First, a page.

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About The courier. (Lincoln, Neb.) 1894-1903 | View Entire Issue (Aug. 4, 1900)
LJPJ&JPJJ L aP L- PaP
TO lte PQPiS. OF iH00il
I IE I III
having- succeeded to the rights of the Lincoln Gas Company, will hereafter furnish to consumers gas and electric
ity. It will be the purpose of the new company to secure the good will of its patrons, improve the service, in
crease consumption and reduce prices.
The present prices are: For illuminating gas $1.92 1-2 per thousand cubic feet, and fuel gas $1.-50
per thousand cubic feet; In each case a discount of ten per cent is allowed if the bill is paid before the
7th of the month.
Commencing August 1st the price ot illuminating gas will be reduced to $1.75 per thousand cubic feet, and
of fuel gas to $1.50 per thousand cubic feet A discount in each case of 25c per thousand cubic feet will be al
lowed when bills are paid before the 7th day of the month.
THIS MAKES THE NET PRICE OF ILLUMINATING GAS AFTER AU
GUST 1, $1.50 PER THOUSAND CUBIC FEET, AND THE" NET PRICE OF
FUEL GAS AFTER AUGUST I, $1.25 PER THOUSAND CUBIC FEET
We are contemplating the expenditure of large sums of money in the improvement of our properties and ex-
rct to make concessions to users of electricity. We desire to announce at this time, however, that a discount of
per cent will be allowed on all bills for electricity where the same are paid prior to the 22d day of the month,
commencing with the month of August.
We will efflttifflua pmntttimg flua free service gas kere
tof re for 60 days from JMy 11, autad will sell to
comsMimers (E&s Stoves, at Costo . ,
I, M. RAYMOND. Pres.
S. H. BURNHAM
H. F. ROSE
J. L TOMLINSON
J. CRAIG HAVEMEYER
R. 6. WOOD
AMERICAN WOMEN IN ENGLAND.
LADY JEUKE TELLS OF TBEIB INFLUENCE
IX THE PUBLIC LIFE OF
"It w a curious coincidence that the
wives of three of the leading English
politicians of the last twenty years
should be Americans, and. two of them,
as has been said by a very astute politi
cal leader, hare done much to foster and
strengthen the friendship between the
two jreat English-speaking nations of
the world,'' writes Lady Jeune in her
article on Women in English Political
Life in this week's issue of The Satur
day Evening Post. Lady ilarcourt and
MrsVCIiamberlain, though they hare
been their husband's comrades and
friends in the best sense of the word,
have kept themselves aloof from the
fcurb-burly of politics. Lady Harcourt
has lived so many years amongst us,
first as the dadghter o: her father when
Mr. Motley waa minister in London, and
since thee as so warm a friend to the
country of her adoption that we have
come to regard her aa almost an English
woman, and we can pay her no greater
compliment Mrs. Chamberlain we still,
aad almaye shall, regard aa tfcsembodK
ment of all that is delightful in Ameri
can womankind, and the best represent
ative of her Puritan ancestors. Always
with her husband, either at home, on
the platform, or in the gallery of the
House of Commons, she has invested
her political life with a charm and a
sentiment that are quite unique, and
while keenly interested in every ques
tion, she has never vulgarized her polit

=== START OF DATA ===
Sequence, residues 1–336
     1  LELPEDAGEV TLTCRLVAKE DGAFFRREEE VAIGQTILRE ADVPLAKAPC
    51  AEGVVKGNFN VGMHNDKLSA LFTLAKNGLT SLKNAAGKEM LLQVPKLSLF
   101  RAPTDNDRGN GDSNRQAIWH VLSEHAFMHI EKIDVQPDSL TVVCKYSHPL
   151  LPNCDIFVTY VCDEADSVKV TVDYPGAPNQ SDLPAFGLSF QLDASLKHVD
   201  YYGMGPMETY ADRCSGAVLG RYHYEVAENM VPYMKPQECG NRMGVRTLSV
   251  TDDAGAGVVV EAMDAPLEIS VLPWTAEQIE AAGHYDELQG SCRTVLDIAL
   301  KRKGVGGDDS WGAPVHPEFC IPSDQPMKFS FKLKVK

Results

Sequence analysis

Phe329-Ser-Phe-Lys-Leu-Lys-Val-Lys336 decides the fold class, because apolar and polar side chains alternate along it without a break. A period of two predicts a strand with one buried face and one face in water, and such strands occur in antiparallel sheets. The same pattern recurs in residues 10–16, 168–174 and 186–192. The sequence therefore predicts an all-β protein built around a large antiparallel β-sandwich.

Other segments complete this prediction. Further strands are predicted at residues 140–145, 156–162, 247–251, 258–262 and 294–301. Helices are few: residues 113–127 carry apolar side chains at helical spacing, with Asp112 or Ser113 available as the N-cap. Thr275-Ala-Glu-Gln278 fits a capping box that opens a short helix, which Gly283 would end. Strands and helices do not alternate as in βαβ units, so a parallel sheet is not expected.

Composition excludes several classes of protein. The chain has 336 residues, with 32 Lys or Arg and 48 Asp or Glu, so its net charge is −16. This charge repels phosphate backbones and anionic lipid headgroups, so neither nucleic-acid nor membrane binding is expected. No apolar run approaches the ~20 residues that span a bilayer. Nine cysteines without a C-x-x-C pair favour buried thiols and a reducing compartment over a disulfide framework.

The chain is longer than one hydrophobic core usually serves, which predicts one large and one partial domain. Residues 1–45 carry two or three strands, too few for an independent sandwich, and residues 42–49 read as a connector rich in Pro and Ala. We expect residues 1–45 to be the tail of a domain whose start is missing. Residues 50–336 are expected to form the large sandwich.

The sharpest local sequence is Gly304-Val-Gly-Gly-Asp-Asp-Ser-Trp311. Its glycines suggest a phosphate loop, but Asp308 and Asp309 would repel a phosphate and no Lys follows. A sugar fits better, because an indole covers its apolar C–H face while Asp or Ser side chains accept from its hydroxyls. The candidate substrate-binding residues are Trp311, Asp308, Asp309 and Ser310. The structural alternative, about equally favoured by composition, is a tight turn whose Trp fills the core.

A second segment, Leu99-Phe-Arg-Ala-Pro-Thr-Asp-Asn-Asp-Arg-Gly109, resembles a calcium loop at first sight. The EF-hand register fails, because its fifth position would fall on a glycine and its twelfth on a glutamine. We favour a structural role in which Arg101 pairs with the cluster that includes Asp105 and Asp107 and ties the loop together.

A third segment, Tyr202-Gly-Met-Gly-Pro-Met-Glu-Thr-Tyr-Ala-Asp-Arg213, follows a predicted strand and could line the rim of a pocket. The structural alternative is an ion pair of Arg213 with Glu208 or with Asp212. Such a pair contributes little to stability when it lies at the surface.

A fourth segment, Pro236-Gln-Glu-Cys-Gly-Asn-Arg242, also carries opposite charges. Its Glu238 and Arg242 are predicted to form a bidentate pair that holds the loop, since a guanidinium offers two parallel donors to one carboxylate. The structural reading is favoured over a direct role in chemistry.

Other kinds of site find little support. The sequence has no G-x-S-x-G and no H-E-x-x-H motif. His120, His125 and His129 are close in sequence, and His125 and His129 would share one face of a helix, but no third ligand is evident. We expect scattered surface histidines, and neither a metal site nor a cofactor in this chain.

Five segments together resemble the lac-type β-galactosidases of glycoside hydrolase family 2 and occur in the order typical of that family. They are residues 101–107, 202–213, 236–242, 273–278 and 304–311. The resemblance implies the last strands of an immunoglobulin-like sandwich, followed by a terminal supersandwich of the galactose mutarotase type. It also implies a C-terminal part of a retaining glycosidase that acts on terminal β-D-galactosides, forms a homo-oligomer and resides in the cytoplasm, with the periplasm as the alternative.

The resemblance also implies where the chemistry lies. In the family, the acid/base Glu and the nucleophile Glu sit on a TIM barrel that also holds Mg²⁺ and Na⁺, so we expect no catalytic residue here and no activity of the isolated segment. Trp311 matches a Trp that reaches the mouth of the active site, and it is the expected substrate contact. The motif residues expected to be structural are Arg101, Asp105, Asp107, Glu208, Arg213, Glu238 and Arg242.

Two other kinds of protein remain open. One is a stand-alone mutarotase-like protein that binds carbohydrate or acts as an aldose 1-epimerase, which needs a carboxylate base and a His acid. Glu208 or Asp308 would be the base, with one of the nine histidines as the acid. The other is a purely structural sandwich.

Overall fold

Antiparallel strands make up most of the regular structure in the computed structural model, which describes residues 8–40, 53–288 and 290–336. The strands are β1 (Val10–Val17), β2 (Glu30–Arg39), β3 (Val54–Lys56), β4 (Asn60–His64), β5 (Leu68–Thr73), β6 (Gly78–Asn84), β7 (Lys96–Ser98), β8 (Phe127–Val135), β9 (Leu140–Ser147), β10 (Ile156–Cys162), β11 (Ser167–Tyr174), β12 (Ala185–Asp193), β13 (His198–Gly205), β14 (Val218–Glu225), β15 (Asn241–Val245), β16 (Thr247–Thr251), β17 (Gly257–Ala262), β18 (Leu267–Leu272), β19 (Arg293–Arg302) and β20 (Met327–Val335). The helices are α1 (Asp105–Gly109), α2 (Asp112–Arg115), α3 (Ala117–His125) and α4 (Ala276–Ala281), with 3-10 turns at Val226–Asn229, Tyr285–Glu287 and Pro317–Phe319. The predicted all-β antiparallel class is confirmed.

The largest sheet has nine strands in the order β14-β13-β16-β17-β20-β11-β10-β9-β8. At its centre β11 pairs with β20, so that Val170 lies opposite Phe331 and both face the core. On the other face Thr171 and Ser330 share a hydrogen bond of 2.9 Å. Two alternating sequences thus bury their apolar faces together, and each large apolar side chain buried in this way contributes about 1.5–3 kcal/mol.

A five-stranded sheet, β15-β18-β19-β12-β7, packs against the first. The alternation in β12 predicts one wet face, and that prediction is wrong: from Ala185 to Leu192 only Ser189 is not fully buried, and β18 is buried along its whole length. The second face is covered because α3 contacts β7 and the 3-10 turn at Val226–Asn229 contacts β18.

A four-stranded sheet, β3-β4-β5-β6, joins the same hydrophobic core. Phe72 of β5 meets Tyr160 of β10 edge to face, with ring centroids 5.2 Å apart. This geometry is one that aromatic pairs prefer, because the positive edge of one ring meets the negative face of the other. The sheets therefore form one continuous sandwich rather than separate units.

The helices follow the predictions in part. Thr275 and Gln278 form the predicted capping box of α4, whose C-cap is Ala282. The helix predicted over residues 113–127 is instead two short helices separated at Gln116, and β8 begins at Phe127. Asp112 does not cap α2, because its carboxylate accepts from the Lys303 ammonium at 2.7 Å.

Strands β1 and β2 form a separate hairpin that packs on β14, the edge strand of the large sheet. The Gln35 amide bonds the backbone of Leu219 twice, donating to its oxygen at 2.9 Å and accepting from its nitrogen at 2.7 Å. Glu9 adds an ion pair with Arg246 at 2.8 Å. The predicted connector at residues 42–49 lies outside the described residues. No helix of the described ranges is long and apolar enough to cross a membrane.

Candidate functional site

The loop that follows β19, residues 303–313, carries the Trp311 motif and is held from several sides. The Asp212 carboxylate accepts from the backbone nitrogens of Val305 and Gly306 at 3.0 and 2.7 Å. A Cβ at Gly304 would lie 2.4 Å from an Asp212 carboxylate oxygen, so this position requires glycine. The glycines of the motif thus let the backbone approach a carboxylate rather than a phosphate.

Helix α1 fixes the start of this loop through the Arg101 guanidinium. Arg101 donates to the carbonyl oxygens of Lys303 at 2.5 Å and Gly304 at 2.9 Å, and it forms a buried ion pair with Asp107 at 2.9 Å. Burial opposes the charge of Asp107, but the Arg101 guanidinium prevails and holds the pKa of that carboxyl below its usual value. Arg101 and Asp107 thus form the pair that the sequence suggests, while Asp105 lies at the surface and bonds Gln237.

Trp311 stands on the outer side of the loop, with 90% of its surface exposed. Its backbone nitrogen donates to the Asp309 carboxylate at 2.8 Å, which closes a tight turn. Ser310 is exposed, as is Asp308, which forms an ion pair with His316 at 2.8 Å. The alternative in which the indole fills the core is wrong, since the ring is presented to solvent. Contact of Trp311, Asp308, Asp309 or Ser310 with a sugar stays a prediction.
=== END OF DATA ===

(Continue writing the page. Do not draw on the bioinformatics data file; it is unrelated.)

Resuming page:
ical ideals, or descended into the lower
arena into which some English women
degrade their political sympathies. The
early death of Lord Randolph Churchill
while on the threshold of the highest
political position in this country de
prived Lady Randolph ot the position
which she must eventually have occu
pied, for she at one moment seemed
bound to become the wife of the future
prime minister ot England. Never was
the promise of a life so blighted as hie,
and the .malady which bo insidiously
undermined his life was one of the most
unerring and fatal.
"The influence of American women on
English society is one which grows no
weaker, and women like Mrs. Chamber
lain and Lady Harcourt soften the ex
crescences and peculiarities which often
strike aa aa un-English."
Army Wives Following the Flag.
(General Charles King, In The Saturday Eve
ning Post. )
Manila fell in August. The flag went
up on the Ayuntamiento and prices on
the Escolta. And along in the autumn,
to the consternation of the commanding
general, certain devoted army wives
made their way to the Orient, and no
sooner was it known that the venture
some half dozen vera there than half a
hundred others were inspired with like
ambition. Peace for a season bade the
world farewell as far as the command
ing general and the quartermaster's de
partment were concerned, for the num
ber of women with missions ot Manila
outnumbered the state-rooms on the
transports, and, to put an end to impor
tunity, out came the order that none
would be taken. This barred women
who couldn't afford the journey at their
That 1 It
"I am told that the census enumera
tors specify the color of people," said
"Yes, the idea is to get the statistics
down in black and white."
Has he made a
Mrs. Caller I hear
going to write a play.
start on it yet?
Mrs. Bighead Ob, my! yes. He has
prepared a lovely speech to deliver when
he is called before the curtain the first
night. Town Topics.
May I am afraid the ring he gave
me is not pure go!d.
Belle Why don't you test it?
May Because if it ia not pure gold, I
could not forgive him, and if it is, I
could never forgive myself for suspect
ing his honor. Town Topics; '
A Good Guess. Willieboy This weather reminds me
-What was played last in that burned of the marriage service.
theatre?" aaked Sterling worth. Sue Indeed?
"I don't know for certain,' replied Willieboy Tea. "1 wilt," you know.
Throckmorton, "but I think it ' must Sua Willie, this is vary, "sudden.
have been the boss." Town Topics.
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